Further, to understand technological diversity we need to study the content of the documents. Scholars use pre-existing categories like patent classes or Web of Science categories to measure diversity (Leydesdorff et al. 2014; Rafols and Meyer 2010). Another approach to determine diversity is to look at the network of citations of the documents (Rafols and Meyer 2010). Yet, these approaches are mainly applicable to patent or publication data, and not to EU-projects. Hence, to study diversity, we apply topic modelling (Blei and Lafferty 2009) as a novel approach to categorize technological designs that are described in 69 EU-projects from 2014 to 2015. This method allows us to calculate diversity creation in an efficient manner.
We relate the change in technological diversity caused by a project to the independent variables mentioned above and show that the largest contribution to diversity comes from the multi-disciplinary nature of a project and the nanotechnology knowledge base of the actors in a project. Moreover, our results largely confirm the results by Van Rijnsoever et al. (2015). Policy makers can use these results to use subsidies as a tool to influence the level of diversity in a technological field.
In this section we describe the concept of creation of technological diversity by innovation projects as our dependent variable. Next, we formulate hypotheses about how this technological diversity is related to our independent variables: the multidisciplinary diversity of projects, the knowledge base of actors in a project, the number and diversity of actors in a project, the degree of clustering, and the geographical distance among them.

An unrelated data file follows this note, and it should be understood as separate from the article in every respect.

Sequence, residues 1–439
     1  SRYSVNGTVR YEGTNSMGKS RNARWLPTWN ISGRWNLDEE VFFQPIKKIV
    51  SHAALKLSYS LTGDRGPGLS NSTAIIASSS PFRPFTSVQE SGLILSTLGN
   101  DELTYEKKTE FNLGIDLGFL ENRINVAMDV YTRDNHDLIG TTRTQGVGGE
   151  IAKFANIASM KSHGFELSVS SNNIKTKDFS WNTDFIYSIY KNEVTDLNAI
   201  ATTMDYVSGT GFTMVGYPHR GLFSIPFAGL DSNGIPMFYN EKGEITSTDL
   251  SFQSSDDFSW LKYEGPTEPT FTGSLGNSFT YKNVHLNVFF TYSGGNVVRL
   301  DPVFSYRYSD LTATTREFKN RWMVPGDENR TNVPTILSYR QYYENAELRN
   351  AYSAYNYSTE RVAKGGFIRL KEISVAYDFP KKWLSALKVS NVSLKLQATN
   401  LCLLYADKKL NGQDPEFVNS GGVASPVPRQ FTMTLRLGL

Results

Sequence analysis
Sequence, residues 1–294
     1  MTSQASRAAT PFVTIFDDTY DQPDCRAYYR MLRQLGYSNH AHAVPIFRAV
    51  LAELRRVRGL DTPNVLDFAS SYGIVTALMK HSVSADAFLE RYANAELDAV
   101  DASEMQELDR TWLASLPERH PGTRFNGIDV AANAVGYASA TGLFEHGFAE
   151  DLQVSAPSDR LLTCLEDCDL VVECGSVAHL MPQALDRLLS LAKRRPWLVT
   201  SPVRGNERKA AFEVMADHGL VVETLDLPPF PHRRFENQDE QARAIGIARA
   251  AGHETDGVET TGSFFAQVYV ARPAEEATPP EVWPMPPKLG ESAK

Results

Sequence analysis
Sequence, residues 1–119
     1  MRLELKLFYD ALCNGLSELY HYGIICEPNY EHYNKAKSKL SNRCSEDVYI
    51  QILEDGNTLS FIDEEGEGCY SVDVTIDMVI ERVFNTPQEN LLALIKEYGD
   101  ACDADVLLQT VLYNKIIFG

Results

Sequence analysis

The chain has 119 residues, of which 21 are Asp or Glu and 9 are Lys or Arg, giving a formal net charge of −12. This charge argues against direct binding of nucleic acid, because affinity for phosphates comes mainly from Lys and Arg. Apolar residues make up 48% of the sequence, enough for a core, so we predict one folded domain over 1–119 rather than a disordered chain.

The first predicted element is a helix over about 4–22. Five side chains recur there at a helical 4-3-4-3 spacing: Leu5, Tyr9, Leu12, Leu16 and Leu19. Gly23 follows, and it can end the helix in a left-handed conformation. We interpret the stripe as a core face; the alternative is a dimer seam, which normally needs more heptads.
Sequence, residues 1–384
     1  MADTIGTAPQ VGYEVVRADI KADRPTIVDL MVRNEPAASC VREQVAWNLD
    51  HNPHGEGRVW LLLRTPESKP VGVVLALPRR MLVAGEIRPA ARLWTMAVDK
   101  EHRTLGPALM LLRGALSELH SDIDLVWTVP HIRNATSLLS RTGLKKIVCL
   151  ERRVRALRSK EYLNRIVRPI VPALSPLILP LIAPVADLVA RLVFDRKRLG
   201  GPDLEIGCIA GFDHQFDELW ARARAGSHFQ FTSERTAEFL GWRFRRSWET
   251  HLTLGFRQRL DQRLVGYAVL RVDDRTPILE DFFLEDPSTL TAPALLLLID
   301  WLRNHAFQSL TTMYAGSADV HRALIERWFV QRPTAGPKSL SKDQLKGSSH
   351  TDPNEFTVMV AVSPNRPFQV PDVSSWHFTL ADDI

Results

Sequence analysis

2.1 Technological diversity
Technological diversity refers to evenness in distribution of technological alternatives (Foray and Grübler 1990). These alternatives can be designs (Carlsson and Jacobsson 1997; Murmann and Frenken 2006; Van Rijnsoever et al. 2015), technical characteristics (Murmann and Frenken 2006; Saviotti and Metcalfe 1984; Van Rijnsoever et al. 2015) or numbers of different technological lineages represented in a technology (Gjesfjeld et al. 2016).
Technological diversity is a macro-level concept, as it applies to a set of technologies. The concept is related to the micro-level concepts of radical and incremental innovation, which are commonly used to assess specific innovations or the performance of firms. Radical innovations are new technologies and are often based on the combination of different technologies (Fleming 2001). As radical innovations are new, they increase technological diversity by definition. In contrast, incremental innovations can be achieved without novel information or the integration of different technologies (Wuyts et al. 2004), and can either decrease or increase technological diversity, depending on how abundant the incrementally improved technological design is among existing alternatives. Incremental innovations on rare technological designs increase diversity, while incremental innovations on common technological designs decrease diversity.